A wolf in sheep’s clothing
So, what’ve we got? A collection of songs written by a female teenage American with an acoustic guitar and a banjo. Immediately you’re assuming it’s a real folk tinged, Joni/Joan Baez influenced thing. Right? Uh-uh. Think again.
For the uninitiated, Lady Lamb the Beekeeper is the stage name of American singer/songwriter, Aly Spaltro and, astonishingly, Ripely Pine was her debut. Despite her youth, it is a remarkably mature album, both in production terms and storytelling. These hard-bitten songs sound like they should have been written by someone at least forty years older.
And yeah, it is a little folksy in parts. But it’s much more than that. This is comfortably in indie-rock territory, with a grunge-y pinch and a healthy dollop of the blues. It’s that grittier edge that allows Spaltro to expose herself absolutely to the listening audience. There are no holds barred here, she is hurting and she is gonna damn well make sure that you know it.
For me, one of the most interesting things about the album is the song lengths, with the majority (indeed, the very best tracks) all lasting between six and seven minutes. It makes for a single album of more than an hour, which seems excessive – but it doesn’t seem that way on listening.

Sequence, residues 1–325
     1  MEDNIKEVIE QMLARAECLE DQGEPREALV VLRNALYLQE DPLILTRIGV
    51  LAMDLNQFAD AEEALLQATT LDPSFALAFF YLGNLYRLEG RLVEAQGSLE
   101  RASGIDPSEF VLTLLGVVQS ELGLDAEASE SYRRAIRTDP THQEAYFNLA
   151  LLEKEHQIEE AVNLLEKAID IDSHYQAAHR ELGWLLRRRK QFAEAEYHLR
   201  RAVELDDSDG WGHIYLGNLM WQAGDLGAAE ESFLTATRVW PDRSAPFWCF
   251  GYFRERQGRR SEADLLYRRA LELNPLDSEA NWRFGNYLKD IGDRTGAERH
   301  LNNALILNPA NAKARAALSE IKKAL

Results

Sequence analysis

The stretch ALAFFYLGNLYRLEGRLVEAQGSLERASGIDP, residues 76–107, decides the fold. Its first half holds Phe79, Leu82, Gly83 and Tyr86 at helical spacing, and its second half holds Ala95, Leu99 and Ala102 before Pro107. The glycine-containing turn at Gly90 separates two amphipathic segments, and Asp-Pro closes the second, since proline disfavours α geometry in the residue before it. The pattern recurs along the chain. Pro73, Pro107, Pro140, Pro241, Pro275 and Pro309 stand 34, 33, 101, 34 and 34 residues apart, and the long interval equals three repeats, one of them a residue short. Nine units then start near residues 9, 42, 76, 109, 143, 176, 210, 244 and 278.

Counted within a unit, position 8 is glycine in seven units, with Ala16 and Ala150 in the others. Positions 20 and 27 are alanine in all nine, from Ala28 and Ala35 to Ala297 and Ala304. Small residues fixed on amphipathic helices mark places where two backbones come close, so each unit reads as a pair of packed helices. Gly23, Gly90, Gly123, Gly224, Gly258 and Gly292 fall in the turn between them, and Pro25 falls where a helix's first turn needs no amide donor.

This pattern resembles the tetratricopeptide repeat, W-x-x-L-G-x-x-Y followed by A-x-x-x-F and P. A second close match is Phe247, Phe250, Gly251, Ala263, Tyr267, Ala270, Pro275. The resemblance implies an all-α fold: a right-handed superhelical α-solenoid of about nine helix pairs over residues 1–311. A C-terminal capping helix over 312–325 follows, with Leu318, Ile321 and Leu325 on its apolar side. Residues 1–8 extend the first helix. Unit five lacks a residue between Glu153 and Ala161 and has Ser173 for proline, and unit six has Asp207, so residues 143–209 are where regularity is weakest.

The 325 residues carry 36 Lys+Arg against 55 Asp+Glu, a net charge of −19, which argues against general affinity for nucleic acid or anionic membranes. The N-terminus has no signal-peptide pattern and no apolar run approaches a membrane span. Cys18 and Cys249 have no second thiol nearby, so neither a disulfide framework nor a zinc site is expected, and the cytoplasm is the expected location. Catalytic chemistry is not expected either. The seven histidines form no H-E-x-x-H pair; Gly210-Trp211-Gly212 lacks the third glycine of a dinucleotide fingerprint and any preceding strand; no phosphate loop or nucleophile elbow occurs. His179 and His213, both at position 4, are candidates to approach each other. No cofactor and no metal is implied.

One of the reasons that it feels compelling throughout is the structure of the songs themselves. They are always shifting and morphing, meandering and weaving, transitioning from acoustic mellowness to downright hardcore electrifying aggression within a beat.
You are the Apple is the perfect example. Starting with a nice swing and a jazzy back beat, it transmogrifies after a couple of minutes into a her pleading voice accompanied only by a strummed guitar, before launching into a frenzied conclusion where she assures us that “I still need your teeth round my organ”. I’m assuming she’s not talking about her Hammond.
But the highlight is undoubtedly Bird Balloons. Her angst is never more evident than it is on these six and a half minutes. This incendiary tale of betrayal reaches its crescendo as she screams, “My hair grew long and I fucking cut it and when you looked away I stuck the trimmings in your locket.” Don’t mess with Aly is clearly the message.
Overall, it’s a really mature, well formed album that is engaging and surprising throughout. To be honest, I’m very surprised that her career hasn’t rocketed following Ripely Pine. But this Lady has still got plenty time on her side.